The huge amount of data held by tech companies disproportionately limits access to their services by vulnerable people, including people of colour. That's according to research from Chris Gilliard, Professor of English at Macomb Community College, who describes the effect as "digital redlining".
much of that is based on training data that… probably [reflects] the biases that are already built into society.- Chris Gilliard
Gilliard compared what is happening online now to redlining. That's the practice of dividing up a city, making if harder for poorer areas, and areas with larger minority populations, to access banking, insurance, healthcare, or other services. Redlining was practiced in the United States and Canada. It was officially outlawed in the US in 1968 by the Civil Rights Act.
Digital redlining differs from traditional redlining in that it is often hidden.
Starting in 2016, Facebook allowed advertisers to target audiences by "ethnic affinity", but also allowed them to prevent those audiences from seeing an ad. Facebook has since ended that ability, but while it was active, investigative news source, Propublica, was able to post a housing ad that allowed them to exclude certain ethnicities, including African American, Asian American, and Hispanic, from seeing their ads.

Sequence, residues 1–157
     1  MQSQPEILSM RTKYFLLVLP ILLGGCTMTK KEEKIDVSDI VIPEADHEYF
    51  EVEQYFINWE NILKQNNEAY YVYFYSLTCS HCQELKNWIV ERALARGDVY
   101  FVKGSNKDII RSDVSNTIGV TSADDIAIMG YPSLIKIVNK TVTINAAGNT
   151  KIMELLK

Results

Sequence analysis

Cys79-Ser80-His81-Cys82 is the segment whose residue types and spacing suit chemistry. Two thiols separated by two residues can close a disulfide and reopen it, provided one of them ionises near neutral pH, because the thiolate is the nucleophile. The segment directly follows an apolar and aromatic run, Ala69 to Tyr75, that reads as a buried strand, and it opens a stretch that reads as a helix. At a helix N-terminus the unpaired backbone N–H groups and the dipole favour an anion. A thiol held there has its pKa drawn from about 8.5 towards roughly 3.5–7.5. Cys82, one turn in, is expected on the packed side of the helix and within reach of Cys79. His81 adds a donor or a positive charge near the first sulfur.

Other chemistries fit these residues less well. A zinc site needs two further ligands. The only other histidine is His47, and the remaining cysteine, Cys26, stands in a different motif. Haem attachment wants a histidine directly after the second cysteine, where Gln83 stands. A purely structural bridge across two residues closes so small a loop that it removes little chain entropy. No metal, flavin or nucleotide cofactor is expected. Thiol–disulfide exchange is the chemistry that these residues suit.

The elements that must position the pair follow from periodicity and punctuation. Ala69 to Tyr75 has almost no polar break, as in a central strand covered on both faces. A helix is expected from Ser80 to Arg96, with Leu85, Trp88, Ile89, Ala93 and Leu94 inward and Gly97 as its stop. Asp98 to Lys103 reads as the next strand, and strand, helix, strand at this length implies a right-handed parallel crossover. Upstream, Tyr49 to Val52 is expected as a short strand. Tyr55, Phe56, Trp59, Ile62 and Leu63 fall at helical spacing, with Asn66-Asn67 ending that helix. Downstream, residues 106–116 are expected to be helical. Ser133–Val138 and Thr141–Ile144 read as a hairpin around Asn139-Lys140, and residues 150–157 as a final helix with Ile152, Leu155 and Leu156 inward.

Not only can this kind of narrowcasting prevent targeted groups from applying for a job or buying a house, it also prevents that group from ever knowing that post existed. "It's much different than if someone puts in front of their house…a sign saying 'no blacks need apply'", Gilliard said in a conversation with Spark host Nora Young. "So it's much more insidious in that way."
In 2016, an investigation by Bloomberg found that Amazon tended to withhold their same-day-delivery service from minority neighbourhoods. Gilliard pointed to the example of Roxbury, a majority black neighbourhood in Boston. In Bloomberg's reporting, Roxbury was the lone area where same-day-delivery wasn't available, completely surrounded by areas Amazon would deliver to.
"I don't think necessarily that there are people at Amazon saying, 'let's not deliver to black people in Roxbury," Gilliard said. "What typically happens is there's an algorithm that determines that for some reason not delivering there made the most sense algorithmically, to maximize profit or time… And there are often very few people at companies that have the ability or the willingness or the knowledge to look at these things and say, 'hey, wait a minute.'"
While these decisions are often made by AI algorithms, that doesn't mean humans aren't responsible for the results. Gilliard said that when he sees the sort of AI algorithms Amazon and others use, "...my antenna sort of go up, because much of that is based on training data that… probably [reflects] the biases that are already built into society."